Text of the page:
“Bride and Gloom,” pretty edgy name for a wedding blog, at least that’s what I thought. My plan was to cut through the romance, disengage from the bride-centric language and question tradition to reveal what weddings say about our society.
Basically, I planned to hijack the language of weddings to serve as a social critique. The fact is, when it comes to hijacking the meaning of wedding traditions, I have been one-upped. Twice.
Two new divorce trends have taken activities traditionally in the realm of weddings and completely changed their meanings. They are the divorce show and the re-bachelor party.
The divorce show
DNA testing companies, lawyers, counselors and private investigators were selling their services at Warsaw’s first divorce show yesterday. The show is similar to wedding shows, except instead of establishing marriages, vendors are offering services to help dismantle them.
There have been five divorce shows in Europe since 2007. The shows are the brainchild of Anton Barz. Ironically, Mr. Barz also makes a living organizing wedding shows. Even with high divorce rates, turn-out was low with only 4,000 people coming out to two shows last years. Compare that to the 5,000 people expected to attend the Ottawa Wedding Show, which is only one of hundreds of shows in Canada.
Although divorces are reaching wedding-like proportions, it’s ironic that one year you can be at a convention centre planning in eager anticipation of your wedding and the next you can be at the same convention centre planning for divorce. It seems this kind of show would make it easier for people to leave the commitment they made in marriage by giving them all the tools to do so.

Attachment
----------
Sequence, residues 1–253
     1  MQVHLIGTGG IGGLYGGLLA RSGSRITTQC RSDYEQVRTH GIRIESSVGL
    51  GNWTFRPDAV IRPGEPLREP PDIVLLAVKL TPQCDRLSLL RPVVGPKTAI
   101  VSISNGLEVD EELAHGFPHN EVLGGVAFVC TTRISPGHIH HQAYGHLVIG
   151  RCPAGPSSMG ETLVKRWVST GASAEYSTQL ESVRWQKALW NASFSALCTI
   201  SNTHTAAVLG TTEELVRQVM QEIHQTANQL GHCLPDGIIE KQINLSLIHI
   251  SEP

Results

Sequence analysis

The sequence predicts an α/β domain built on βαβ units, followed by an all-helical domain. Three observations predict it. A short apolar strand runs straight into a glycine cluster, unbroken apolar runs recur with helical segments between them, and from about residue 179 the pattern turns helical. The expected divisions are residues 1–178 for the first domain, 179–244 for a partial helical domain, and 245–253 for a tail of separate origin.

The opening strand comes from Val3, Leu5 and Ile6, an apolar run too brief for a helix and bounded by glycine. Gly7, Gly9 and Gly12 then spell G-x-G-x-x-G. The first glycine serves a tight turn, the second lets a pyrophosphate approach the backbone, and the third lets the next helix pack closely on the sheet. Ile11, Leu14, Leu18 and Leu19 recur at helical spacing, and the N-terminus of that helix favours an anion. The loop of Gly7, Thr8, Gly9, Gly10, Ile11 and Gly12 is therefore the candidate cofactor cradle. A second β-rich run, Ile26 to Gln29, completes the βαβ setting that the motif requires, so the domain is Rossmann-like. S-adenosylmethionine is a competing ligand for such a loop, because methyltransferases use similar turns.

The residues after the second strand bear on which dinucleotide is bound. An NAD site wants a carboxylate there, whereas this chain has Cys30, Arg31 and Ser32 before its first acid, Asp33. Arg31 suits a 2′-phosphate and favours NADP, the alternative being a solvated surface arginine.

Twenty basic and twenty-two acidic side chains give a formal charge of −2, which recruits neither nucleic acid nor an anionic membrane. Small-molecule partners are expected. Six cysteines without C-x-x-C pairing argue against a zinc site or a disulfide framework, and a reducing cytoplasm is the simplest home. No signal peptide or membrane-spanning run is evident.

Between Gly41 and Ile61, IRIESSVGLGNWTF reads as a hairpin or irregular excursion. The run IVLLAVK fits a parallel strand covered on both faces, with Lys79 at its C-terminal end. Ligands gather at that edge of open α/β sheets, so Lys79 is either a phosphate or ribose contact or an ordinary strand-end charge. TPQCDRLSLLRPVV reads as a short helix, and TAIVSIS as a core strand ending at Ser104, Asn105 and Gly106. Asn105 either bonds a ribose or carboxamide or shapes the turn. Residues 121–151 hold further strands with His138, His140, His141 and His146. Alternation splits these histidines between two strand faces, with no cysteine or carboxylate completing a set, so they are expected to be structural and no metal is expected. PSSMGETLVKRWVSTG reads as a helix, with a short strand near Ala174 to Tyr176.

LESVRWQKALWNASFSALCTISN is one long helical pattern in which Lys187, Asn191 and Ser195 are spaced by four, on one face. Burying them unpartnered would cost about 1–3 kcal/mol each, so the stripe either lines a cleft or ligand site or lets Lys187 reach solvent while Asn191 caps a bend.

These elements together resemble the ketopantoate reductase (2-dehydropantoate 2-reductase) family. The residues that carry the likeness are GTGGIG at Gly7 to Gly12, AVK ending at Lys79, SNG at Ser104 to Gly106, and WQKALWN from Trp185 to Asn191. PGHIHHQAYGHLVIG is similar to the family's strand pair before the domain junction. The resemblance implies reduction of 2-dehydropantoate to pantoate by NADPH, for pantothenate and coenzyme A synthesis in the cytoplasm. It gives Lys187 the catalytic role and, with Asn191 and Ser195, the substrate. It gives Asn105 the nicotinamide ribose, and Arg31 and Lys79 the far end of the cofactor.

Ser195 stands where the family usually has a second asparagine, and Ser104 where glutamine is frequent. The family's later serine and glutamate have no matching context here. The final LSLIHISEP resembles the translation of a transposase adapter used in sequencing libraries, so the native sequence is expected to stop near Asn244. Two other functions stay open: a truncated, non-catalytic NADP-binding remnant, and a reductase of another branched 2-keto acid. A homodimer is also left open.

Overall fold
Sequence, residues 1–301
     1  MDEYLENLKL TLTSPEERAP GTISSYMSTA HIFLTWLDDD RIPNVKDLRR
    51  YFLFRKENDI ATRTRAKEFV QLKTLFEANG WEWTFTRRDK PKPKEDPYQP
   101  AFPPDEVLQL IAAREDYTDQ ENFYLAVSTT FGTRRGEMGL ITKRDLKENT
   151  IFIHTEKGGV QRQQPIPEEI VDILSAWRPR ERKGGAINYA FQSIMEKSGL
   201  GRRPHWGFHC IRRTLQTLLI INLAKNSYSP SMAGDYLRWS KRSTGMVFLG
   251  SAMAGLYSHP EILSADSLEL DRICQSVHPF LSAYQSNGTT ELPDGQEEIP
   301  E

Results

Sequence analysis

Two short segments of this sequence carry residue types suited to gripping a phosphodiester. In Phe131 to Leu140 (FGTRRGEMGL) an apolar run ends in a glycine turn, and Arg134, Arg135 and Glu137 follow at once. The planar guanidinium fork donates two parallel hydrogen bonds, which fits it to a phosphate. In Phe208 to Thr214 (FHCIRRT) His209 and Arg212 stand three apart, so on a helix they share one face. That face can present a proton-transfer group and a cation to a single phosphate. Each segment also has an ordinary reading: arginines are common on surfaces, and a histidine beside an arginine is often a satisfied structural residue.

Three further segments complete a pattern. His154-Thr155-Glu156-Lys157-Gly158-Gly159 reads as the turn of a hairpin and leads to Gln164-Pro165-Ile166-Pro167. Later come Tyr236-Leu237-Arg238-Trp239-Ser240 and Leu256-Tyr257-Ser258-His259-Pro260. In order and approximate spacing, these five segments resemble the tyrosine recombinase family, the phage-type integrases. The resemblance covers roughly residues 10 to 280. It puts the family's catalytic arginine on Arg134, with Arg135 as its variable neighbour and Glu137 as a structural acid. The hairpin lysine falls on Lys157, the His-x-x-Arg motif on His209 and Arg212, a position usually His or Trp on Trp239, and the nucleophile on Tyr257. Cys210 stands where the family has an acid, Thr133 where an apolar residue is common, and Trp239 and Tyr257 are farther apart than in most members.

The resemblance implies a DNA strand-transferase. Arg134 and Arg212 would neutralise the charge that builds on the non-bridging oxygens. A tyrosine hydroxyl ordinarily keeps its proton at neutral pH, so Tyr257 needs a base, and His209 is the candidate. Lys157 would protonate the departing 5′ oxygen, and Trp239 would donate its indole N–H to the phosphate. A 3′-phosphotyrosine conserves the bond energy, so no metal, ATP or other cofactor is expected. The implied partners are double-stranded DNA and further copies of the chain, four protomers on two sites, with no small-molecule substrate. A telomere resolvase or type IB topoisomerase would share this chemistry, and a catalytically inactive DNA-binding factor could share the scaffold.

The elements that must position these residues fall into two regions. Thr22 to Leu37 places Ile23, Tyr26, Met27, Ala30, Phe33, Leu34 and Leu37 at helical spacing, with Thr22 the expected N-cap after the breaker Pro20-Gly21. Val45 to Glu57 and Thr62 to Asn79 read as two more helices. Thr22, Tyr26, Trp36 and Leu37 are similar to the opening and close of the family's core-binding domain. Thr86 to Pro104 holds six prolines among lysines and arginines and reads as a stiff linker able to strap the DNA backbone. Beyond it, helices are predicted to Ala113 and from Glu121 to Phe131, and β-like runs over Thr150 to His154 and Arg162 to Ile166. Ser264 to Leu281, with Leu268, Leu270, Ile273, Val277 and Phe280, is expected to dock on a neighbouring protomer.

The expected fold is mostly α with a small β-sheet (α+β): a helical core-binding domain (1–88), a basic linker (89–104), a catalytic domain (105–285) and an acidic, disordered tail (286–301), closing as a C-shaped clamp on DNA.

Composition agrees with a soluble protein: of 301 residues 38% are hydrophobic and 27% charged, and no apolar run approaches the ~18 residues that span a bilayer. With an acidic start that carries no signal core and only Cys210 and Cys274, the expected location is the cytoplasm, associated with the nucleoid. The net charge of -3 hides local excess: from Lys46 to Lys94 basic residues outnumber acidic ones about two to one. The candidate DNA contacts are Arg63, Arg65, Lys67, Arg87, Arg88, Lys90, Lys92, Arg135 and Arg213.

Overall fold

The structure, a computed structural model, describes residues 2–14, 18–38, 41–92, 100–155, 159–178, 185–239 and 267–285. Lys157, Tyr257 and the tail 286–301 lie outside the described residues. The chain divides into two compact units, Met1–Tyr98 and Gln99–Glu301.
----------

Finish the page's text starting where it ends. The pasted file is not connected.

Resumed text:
The re-bachelor party
After attending a divorce show, newly-single men might want to indulge in the other new divorce trend–the re-bachelor party.
Bachelor parties are the “one last hurrah” before men put their “sowing wild-oats” ways behind them. Before men enter into blissful matrimony, they are entitled to one last night of debauchery, often characterized by heavy drinking, gambling, sports events or more illicit activities.
Nowadays, half of the men who get married find themselves bachelors again. To celebrate their new status, men are throwing re-bachelor parties.
Again, the irony of the re-bachelor party is striking. At the wedding, couples celebrate committing their lives to one person. With all the hype around the wedding, it seems odd people would have parties to celebrate ending their supposed lifelong commitment.
Both the divorce show and the re-bachelor party take activities associated with weddings and lifelong commitment and reposition them as things to celebrate the end of that romance and commitment.
The rise of these anti-wedding activities leaves us with a reeling critique about how society views weddings, and relationships in general. Weddings and the associated marriages are disposable. Of course there are always circumstances were relationships have to end, but the rise of these trends both facilitate and celebrate the pain of broken relationships instead of trying to restore them to a mutually-empowering partnership.
We don’t have to take marriage too seriously. After the romance has fizzled and we get irritated by our partner, society will be there to help us escape and then celebrate it afterwards.
It seems to me that marriages would be better served if we adopted marriage shows and spouse parties. A marriage show could display all you need to strengthen your marriage: counseling, fun couple activities, babysitters, parenting classes and conflict resolution classes. As for the spouse party, why should the wedding be the last time you celebrate your love and commitment? I say take a day every couple of years and throw a party to celebrate your love and commitment.